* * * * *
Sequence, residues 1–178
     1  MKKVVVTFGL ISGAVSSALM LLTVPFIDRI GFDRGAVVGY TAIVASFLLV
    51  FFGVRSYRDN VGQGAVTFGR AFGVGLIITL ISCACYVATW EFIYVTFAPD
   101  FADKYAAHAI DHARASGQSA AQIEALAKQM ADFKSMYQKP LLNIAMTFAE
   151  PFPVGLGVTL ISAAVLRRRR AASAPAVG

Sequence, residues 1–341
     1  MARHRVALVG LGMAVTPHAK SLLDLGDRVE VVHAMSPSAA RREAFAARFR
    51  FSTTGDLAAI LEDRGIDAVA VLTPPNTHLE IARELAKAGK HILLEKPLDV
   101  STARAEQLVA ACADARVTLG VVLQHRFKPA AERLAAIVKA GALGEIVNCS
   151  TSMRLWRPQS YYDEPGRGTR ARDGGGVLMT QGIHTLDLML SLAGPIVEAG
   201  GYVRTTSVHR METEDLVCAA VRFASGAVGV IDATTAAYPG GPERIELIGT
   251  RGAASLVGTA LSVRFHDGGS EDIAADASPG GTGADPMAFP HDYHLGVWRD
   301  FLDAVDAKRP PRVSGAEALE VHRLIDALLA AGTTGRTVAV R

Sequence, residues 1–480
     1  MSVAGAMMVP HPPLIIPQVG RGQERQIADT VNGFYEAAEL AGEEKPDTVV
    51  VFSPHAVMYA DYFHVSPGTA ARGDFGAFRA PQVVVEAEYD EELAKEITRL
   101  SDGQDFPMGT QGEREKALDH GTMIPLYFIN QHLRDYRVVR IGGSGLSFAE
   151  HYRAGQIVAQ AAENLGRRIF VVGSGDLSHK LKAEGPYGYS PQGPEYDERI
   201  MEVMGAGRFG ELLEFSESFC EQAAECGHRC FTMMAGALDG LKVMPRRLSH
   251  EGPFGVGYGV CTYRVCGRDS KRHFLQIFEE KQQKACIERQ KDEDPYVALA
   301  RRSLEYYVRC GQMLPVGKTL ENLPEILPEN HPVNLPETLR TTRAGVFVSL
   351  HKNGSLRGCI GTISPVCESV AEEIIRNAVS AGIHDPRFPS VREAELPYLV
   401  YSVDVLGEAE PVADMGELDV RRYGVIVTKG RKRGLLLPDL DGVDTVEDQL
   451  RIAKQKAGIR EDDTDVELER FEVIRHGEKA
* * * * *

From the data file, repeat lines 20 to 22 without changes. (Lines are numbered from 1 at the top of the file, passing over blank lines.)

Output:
   251  EGPFGVGYGV CTYRVCGRDS KRHFLQIFEE KQQKACIERQ KDEDPYVALA
   301  RRSLEYYVRC GQMLPVGKTL ENLPEILPEN HPVNLPETLR TTRAGVFVSL
   351  HKNGSLRGCI GTISPVCESV AEEIIRNAVS AGIHDPRFPS VREAELPYLV